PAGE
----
This is a recording of the March 23rd 2021 webinar focused on the importance of IP protection for entrepreneurship, the intellectual property environment in Canada, and existing support for firms. Panelists discussed issues relating to their firm’s ability to secure IP especially as it relates to IP education and the role of government in supporting IP protection. Speakers: Seray Çiçek,  Ryan Hubbard, Graeme Moffat, Moderator: Shiri Breznitz


21st annual Research Money conference – Canada’s Prosperity Conundrum

May 3-5 2022, Virtual

Post-pandemic recovery is top of mind among leaders and citizens across the globe. Embedded in the discourse of policymakers, business leaders, academic thought leaders, researchers, and civil society is the promise of overcoming a persistent challenge: Canada’s subpar productivity and competitiveness in today’s global knowledge economy. For decades Canadians have been wrestling with an uncomfortable question. Can we maintain the same level of prosperity that grew out of our natural resource endowments in today’s highly competitive, global economy in which knowledge drives wealth creation and improved quality of life? Join us and other prominent leaders as we discuss this and other important questions facing Canada today.

P4IE 2022 International Conference Measuring Metrics that Matter

May 9-11 2022, Ottawa and Online
How to best design innovation indicators for the future? You are invited to contribute to this challenging question during our second international conference on “Policies, Processes and Practices for Performance of Innovation Ecosystems” (P4IE). The hybrid conference will be held online and in-person at Ottawa. You can actively participate by submitting an academic, industry or public policy paper. Topics includes, but are not limited to: New/Real-time innovation indicators; Sustainable, Inclusive, Responsible (SIR) innovation indicators; Measuring the performance of innovation ecosystems; and Science-to-innovation SIR innovation indicators. Submissions of academic extended abstracts due by December 13, 2021 (acceptance notification by February 15). Submissions of policy papers due by January 14, 2022 (acceptance notification by February 14). Submissions of industrial papers due by February 14, 2022 (acceptance notification by March 14).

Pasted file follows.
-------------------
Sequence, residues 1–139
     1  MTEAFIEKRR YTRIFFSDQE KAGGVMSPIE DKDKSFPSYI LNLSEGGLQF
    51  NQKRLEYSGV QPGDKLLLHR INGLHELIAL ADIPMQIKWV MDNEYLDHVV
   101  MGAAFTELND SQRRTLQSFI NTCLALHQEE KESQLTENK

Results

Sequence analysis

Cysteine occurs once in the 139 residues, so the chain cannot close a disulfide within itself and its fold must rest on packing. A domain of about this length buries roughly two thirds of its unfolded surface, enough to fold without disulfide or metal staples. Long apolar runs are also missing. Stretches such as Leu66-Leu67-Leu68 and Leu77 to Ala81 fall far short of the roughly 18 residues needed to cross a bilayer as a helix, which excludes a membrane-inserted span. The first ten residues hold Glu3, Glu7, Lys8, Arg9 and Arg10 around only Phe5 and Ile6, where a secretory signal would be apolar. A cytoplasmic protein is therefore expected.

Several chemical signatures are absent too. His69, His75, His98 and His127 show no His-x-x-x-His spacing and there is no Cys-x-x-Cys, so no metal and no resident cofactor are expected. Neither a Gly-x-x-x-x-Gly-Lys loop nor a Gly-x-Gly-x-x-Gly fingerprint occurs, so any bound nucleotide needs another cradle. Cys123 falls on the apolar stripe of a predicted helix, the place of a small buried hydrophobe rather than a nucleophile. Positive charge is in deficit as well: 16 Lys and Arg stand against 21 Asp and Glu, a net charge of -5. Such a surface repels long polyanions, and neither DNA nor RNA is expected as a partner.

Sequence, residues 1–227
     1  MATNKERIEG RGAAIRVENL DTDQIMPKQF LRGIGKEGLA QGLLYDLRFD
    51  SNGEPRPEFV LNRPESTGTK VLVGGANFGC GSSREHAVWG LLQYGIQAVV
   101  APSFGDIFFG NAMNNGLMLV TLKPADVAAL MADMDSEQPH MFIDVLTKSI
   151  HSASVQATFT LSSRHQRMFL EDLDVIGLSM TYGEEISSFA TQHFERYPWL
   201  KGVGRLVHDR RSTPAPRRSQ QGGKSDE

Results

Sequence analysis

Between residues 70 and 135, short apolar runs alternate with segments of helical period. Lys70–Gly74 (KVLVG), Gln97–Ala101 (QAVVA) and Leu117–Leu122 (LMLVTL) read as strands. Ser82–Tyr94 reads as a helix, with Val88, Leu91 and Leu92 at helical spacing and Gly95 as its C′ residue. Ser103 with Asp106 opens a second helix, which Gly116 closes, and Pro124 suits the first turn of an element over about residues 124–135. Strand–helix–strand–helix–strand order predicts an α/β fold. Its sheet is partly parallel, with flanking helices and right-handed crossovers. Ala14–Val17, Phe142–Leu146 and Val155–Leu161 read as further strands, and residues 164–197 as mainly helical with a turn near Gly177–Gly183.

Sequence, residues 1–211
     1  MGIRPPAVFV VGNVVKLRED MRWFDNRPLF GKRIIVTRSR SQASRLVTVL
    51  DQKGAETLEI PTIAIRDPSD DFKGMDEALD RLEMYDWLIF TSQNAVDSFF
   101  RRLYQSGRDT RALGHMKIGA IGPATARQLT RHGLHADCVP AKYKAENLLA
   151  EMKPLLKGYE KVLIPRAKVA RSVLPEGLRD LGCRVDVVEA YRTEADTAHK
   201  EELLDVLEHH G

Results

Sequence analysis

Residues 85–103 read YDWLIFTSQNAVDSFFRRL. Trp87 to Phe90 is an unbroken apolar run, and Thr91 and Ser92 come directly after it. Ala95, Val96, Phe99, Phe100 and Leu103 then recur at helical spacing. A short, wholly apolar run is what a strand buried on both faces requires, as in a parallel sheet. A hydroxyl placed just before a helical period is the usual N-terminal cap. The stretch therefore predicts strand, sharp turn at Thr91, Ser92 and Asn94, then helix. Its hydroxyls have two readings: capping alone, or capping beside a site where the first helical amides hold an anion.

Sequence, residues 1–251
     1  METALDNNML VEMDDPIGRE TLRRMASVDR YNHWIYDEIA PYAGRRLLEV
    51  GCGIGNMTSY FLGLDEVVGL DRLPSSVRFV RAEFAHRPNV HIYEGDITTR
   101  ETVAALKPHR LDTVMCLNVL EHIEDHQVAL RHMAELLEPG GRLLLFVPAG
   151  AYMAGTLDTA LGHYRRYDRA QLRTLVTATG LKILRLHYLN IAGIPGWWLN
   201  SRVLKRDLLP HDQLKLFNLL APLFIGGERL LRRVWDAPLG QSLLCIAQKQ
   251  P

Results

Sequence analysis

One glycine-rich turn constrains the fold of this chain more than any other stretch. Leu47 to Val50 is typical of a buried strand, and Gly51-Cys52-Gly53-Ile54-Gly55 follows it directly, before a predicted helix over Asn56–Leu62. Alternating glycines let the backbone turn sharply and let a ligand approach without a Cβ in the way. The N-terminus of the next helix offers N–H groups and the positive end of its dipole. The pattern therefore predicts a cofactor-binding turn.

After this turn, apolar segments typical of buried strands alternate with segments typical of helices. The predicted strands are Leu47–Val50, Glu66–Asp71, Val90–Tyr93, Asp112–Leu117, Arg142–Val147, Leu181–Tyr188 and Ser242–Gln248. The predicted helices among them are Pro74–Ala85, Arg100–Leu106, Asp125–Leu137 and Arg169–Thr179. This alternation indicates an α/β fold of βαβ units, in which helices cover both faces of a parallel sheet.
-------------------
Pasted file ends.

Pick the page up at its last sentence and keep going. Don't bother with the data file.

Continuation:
Global Conference on Economic Geography 2022

June 7-10, Dublin, Ireland
Under the umbrella topic “Territorial Development”, Trinity College Dublin & University College Dublin invites you to participate in the sixth Global Conference on Economic Geography 2022 to be held in Dublin, Ireland. The conference is organized into 13 session themes – see list below which also provides a link to the detailed theme description. All session theme leaders welcome submissions to their respective themes via the submission portal. In addition, there is also a long list of Special Sessions that are associated with these themes – see list further below which again provides a link for a detailed description for each of these. All Special Session organizers welcome submissions again via the submission portal.

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This newsletter is prepared by Travis Southin.
Project manager is David A. Wolfe